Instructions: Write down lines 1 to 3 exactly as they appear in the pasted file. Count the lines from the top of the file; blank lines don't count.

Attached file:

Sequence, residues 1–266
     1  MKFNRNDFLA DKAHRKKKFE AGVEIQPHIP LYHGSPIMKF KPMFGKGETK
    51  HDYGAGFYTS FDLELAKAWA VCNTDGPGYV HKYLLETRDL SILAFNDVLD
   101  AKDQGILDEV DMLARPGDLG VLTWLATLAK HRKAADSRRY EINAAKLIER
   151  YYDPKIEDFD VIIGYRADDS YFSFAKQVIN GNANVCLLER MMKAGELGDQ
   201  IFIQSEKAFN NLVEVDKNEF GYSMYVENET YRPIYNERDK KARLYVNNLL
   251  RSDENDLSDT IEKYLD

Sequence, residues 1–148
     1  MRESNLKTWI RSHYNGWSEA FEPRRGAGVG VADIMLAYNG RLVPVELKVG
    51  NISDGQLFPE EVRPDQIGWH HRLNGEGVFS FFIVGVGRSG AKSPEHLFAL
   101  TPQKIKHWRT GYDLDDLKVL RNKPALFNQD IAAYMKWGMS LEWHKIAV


Sequence, residues 1–266
     1  MKFNRNDFLA DKAHRKKKFE AGVEIQPHIP LYHGSPIMKF KPMFGKGETK
    51  HDYGAGFYTS FDLELAKAWA VCNTDGPGYV HKYLLETRDL SILAFNDVLD